Fashionable, but unable to tell fact from fiction (testing4l) wrote,
Fashionable, but unable to tell fact from fiction

It seems like I post stuff like this all the time, but I'm going to post it again.

A friend of mine just posted something about Stephanie Meyer (the author of the horrendous "Twilight" series) being a Mormon. Part of being a Mormon is apparently giving a portion of your income to the church. The Mormon Church was recently involved in the support of Prop 8 -- a law to prevent same-sex marriage. He posted that people ought to boycott "Twilight" because of this.

This is something that has always made me uneasy. It's particularly difficult for me to defend "Twilight" of all things, but in this case, I find myself defending it.

In our society, we work to earn capital. Capital is then spent on the necessities of life and luxuries. A direct result of work is the ability to feed one's self. By boycotting something, you are attempting to stop the flow of capital to a person or group of people who perform that service. This necessarily means that you are attempting to stop them from being able to care for the necessities of life and their ability to afford luxuries. If very successful, that person could be in a situation where they are unable to feed themselves.

Do you believe that someone should starve for their convictions?

Wrong or right doesn't even play into that. If they perform a great harm, this does not give you license to harm them. Two wrongs do not make a right because their wrong does not make you more right. You are actively seeking to harm someone because you disagree with them.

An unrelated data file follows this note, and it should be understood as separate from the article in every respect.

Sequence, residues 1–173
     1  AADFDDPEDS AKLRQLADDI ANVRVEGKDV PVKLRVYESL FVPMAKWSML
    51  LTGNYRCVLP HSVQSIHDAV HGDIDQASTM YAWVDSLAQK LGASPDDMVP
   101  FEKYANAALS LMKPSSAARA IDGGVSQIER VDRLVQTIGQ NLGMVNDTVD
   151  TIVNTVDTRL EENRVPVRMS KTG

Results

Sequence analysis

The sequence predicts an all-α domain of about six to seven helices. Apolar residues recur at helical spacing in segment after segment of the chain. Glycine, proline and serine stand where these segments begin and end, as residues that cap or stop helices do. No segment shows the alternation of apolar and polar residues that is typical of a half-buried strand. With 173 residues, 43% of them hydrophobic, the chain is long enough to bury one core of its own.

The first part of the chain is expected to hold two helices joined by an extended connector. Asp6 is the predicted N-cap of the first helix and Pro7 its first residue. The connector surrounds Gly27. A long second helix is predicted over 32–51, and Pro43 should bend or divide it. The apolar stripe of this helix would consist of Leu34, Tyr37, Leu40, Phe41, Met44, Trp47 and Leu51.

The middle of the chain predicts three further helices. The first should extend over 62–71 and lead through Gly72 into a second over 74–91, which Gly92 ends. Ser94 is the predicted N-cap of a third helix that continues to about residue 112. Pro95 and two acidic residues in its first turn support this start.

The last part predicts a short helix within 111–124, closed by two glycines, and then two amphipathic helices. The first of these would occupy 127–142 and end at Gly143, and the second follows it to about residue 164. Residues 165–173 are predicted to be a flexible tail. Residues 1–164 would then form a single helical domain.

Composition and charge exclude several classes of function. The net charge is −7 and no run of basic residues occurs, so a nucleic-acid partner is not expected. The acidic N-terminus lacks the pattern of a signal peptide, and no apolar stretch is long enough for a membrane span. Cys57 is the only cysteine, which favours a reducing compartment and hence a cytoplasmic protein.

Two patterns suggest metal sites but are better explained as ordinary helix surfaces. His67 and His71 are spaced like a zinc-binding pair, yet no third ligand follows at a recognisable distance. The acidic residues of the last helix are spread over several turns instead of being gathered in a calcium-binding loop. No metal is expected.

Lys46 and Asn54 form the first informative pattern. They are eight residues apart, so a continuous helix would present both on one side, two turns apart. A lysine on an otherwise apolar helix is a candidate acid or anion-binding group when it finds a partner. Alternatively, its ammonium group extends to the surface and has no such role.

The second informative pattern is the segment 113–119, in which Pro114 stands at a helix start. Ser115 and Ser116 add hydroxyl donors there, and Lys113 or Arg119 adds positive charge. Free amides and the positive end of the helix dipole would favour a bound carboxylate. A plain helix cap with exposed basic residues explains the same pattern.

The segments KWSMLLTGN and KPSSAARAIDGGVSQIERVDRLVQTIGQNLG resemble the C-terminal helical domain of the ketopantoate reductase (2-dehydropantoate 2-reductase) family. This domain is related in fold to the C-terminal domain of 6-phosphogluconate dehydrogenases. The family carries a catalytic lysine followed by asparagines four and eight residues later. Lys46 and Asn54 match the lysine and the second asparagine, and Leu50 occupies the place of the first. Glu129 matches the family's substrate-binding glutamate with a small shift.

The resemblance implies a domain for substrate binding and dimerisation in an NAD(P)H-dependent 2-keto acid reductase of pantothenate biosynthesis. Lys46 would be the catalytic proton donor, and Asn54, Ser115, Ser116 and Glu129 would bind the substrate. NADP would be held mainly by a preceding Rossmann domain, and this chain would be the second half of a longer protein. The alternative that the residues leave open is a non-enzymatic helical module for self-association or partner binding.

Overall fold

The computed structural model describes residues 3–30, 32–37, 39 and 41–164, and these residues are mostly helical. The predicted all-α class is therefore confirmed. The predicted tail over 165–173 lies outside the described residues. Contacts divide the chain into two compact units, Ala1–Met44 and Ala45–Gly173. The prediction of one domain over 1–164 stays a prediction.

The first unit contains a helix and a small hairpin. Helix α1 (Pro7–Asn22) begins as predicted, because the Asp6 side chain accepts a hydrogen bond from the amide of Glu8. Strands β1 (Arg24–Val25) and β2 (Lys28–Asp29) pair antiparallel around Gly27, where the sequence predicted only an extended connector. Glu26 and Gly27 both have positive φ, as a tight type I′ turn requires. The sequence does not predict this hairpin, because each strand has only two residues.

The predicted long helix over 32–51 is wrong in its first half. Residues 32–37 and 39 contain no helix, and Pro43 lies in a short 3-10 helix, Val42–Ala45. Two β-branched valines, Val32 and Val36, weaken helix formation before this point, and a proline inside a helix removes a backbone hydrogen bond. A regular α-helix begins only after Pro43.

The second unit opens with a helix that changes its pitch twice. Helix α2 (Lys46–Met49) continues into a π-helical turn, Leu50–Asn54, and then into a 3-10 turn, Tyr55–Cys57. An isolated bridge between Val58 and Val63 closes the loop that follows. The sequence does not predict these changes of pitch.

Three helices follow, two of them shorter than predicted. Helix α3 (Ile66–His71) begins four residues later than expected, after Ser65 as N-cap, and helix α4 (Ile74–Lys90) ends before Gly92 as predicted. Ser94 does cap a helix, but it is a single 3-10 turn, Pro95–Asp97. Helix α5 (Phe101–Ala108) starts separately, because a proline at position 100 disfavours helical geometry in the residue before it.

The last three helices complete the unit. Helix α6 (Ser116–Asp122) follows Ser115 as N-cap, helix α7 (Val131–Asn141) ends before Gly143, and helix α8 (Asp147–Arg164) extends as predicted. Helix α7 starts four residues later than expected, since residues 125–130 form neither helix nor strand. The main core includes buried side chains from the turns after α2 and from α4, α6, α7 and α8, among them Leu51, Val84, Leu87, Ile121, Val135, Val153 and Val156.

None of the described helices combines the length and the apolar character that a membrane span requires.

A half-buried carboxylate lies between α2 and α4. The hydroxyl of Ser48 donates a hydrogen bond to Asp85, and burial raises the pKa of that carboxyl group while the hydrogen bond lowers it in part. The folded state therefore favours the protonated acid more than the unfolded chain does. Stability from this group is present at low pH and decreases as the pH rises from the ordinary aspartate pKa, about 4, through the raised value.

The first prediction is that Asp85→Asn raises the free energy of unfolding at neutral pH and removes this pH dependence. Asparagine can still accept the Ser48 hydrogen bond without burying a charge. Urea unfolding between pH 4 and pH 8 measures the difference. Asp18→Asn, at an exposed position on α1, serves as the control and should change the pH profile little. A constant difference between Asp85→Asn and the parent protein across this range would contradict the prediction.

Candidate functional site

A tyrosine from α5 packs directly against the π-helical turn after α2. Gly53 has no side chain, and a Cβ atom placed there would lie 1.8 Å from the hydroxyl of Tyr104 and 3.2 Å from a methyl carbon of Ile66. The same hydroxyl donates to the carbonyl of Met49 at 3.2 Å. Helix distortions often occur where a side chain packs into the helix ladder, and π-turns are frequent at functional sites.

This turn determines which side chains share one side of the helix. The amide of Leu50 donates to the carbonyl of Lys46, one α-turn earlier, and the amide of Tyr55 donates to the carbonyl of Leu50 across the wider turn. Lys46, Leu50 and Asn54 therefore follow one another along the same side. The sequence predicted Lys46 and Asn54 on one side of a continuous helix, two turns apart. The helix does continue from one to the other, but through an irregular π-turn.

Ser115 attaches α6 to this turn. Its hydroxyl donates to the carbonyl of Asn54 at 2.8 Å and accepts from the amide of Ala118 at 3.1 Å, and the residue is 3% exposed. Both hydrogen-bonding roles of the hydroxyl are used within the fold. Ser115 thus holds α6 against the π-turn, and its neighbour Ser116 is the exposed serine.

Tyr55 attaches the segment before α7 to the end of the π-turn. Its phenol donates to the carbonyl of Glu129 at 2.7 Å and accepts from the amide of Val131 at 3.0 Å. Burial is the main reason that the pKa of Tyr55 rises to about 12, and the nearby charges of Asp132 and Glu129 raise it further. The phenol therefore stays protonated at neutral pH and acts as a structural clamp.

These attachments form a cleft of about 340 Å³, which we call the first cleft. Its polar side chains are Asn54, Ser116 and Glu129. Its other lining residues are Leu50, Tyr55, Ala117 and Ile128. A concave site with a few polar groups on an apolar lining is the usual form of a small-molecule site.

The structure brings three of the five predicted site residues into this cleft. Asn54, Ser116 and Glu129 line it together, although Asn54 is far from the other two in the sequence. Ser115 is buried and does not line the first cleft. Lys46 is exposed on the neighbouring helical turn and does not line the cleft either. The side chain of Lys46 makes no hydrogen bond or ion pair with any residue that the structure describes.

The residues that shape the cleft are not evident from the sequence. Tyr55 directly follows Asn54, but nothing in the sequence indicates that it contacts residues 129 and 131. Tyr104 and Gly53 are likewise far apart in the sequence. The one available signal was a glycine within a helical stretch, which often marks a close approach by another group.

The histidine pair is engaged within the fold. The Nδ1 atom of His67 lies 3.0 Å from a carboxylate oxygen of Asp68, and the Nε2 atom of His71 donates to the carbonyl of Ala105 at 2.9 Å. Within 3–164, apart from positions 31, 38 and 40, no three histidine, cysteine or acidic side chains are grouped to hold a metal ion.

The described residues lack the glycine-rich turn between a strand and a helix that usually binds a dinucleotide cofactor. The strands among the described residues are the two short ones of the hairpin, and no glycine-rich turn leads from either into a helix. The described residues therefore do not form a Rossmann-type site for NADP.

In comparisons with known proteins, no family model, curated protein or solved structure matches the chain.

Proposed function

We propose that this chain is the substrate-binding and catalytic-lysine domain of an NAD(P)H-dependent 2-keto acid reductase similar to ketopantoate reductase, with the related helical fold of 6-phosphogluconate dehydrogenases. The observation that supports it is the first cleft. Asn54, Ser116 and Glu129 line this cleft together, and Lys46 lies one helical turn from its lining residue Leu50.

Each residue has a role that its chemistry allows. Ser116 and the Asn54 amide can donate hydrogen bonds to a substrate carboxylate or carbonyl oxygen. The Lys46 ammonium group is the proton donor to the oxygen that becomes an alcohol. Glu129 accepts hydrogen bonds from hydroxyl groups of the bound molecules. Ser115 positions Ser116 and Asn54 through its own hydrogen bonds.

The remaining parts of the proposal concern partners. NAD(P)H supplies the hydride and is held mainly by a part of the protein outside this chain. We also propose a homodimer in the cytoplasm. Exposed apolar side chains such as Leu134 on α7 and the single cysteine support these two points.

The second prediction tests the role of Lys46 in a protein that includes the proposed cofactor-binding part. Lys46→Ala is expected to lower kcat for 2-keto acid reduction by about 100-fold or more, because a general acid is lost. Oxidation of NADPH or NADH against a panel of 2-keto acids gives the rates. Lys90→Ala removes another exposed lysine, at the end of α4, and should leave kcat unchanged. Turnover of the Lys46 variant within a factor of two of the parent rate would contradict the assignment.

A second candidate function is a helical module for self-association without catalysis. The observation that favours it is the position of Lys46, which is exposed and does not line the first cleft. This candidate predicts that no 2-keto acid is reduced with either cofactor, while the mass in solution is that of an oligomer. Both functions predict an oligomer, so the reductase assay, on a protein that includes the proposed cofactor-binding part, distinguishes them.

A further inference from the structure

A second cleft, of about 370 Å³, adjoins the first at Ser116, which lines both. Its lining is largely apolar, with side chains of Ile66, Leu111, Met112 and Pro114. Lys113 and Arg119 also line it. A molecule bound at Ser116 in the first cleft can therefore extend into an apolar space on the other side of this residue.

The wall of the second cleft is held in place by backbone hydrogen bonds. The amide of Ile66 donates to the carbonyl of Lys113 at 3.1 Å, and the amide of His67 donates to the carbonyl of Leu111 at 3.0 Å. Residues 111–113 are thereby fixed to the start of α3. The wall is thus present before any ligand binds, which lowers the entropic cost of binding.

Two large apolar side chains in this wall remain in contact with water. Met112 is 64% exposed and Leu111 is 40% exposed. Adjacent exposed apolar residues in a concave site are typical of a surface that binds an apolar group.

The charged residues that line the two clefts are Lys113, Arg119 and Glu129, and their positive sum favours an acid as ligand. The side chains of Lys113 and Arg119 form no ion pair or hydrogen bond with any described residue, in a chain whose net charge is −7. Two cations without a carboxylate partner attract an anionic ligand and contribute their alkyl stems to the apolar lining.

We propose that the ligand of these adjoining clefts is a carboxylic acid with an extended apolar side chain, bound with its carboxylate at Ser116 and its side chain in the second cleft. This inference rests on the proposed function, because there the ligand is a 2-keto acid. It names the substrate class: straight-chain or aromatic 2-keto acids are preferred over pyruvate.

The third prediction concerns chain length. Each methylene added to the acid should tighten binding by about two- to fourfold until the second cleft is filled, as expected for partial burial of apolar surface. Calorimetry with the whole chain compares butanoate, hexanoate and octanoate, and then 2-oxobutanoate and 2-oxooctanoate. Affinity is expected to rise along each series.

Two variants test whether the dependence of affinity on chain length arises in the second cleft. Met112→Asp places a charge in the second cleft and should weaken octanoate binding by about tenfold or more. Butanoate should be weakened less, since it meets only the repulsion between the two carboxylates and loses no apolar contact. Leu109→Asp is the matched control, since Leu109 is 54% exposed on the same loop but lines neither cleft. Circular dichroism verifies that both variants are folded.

Most people in America enjoy and defend -- to some extent -- the right of free speech. This action specifically seeks to restrict that right by limiting the amount of money someone can make. Moreover, it does so on the arbitrary basis of one person's opinion. By doing so, you are saying that one can have free speech as long as they agree with you.

That's not the way a democracy works. Even the way our democracy works is flawed -- we treat it in our electoral system as a mobocracy. The biggest mob gets their beliefs enforced.

Possibly the most repellent use of this was after George W. Bush's second election in which I recall Condolezza Rice saying that the win presented a mandate because more people had voted for W than any other president at any other time. It also happens to be that more people voted against him than any other president -- he won 50.7% of the vote.

A margin of victory like that should not give one the impression that their beliefs are correct and ought to be enforced. It should be troubling. By having that impression, you are saying that the 49.3% who disagree ought to have your beliefs enforced upon them. It doesn't mean that their objections are not valid. It certainly does not mean that they shouldn't be considered. It does make their vote invalid because they did not vote with the whole.

If you believe in something controversial, it is your duty to understand why it is controversial and accept that for the greater good (which is not necessarily the good of the majority), you ought to concede some things.
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